Ross Douthat wrings his hands in the NYT:
(A)dmitting the divorced-and-remarried to communion … conflicts sharply with the church’s historic teaching on marriage’s indissolubility.
Except that it really doesn’t.
Did he say “precipice”?
I like to watch a bit when amateur theologians, especially conservatives, attempt to tackle the maze of history. There was a time when murderers, adulterers, and apostates were simply kicked out of the Body. There was no reconciliation, no Penance, no hope for a hug. Only the mercy of God in the wide world.
And that changed, but the Gospels did not.
Mr Douthat asserts that we have to be saved from contradiction. I don’t think so. We just need more fallible memories.
On second thought, perhaps better memories would be in order. Remembering timeless lessons from Luke 15:11ff, and especially for the conservatives who have propped up the Church. those verses 28-32.
A Church near a precipice? If that’s where the lost are, that’s a good thing.
I remember the Cliffs of Moher. On a suitably wet and of course very windy morning. The line of not so tall vertical stones that offered to be a wall in certain areas to protect people walking near the edge of the cliff, and the well-worn path on the *outside* (seaward) side of those stones. Hale and hearty Germanic-looking hikers walked along that side.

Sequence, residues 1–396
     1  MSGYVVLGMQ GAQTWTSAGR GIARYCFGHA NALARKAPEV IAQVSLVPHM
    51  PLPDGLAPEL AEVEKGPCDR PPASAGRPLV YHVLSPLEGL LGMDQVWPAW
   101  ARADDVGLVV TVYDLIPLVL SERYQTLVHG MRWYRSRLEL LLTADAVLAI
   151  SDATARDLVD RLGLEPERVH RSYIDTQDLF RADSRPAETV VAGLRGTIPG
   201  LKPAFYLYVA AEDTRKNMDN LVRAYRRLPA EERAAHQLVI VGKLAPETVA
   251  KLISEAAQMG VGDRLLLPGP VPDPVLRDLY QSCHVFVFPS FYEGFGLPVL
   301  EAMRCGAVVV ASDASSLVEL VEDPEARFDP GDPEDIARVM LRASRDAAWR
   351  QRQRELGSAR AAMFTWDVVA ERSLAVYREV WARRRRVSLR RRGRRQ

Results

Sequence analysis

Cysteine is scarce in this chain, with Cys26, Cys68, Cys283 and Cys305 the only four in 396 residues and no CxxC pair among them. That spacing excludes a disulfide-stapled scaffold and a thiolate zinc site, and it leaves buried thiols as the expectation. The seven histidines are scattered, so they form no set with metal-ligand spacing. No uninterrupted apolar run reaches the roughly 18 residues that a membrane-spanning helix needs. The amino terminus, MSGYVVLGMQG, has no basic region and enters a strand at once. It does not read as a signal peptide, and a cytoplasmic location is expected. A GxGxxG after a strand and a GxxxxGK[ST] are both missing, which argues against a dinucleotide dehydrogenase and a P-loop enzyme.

Do you intend to show that the Church really doesn’t have an historic teaching barring sinners from the Eucharist?
If sinners were barred from the Eucharist, no one would partake, including the clergy up to and including the pope.
And let’s all remember what *this* pope said in an interview with Fr. Antonio Spadara: I am a sinner whom the Lord has looked upon.
What then is the Sacrament of Reconciliation for? Are you really suggesting it has no power to forgive sins?
I would think it certainly does. But it does not make perfect people. And some believers return to the sacrament time and time again confessing the same sins. A sacrament is also an encounter with Christ, and just for that, it has great value.
Gwenny, reading your comments I really am irresistibly reminded of Kipling’s poem Buddha at Kamakura:
O ye who tread the Narrow Way
By Tophet-flare to Judgement Day
Be gentle when ‘the heathen’ pray….
Or perhaps Jobson’s Amen:
Blessed by the English and all their ways and works!
Cursed be the Infidels, Hereticsk and Turks!
“Amen,” quo’ Jobson, “but where I used to lie
Was neither Candle, Bell nor Book to curse my brethren by…”
Can’t imagine why.
Actually, an encounter with Jesus in the form of grace from the Sacraments DOES make one a perfect person, eventually. If you allow God’s grace to work through you, that grace absolutely has the power to transform you into one worthy of the beatific vision.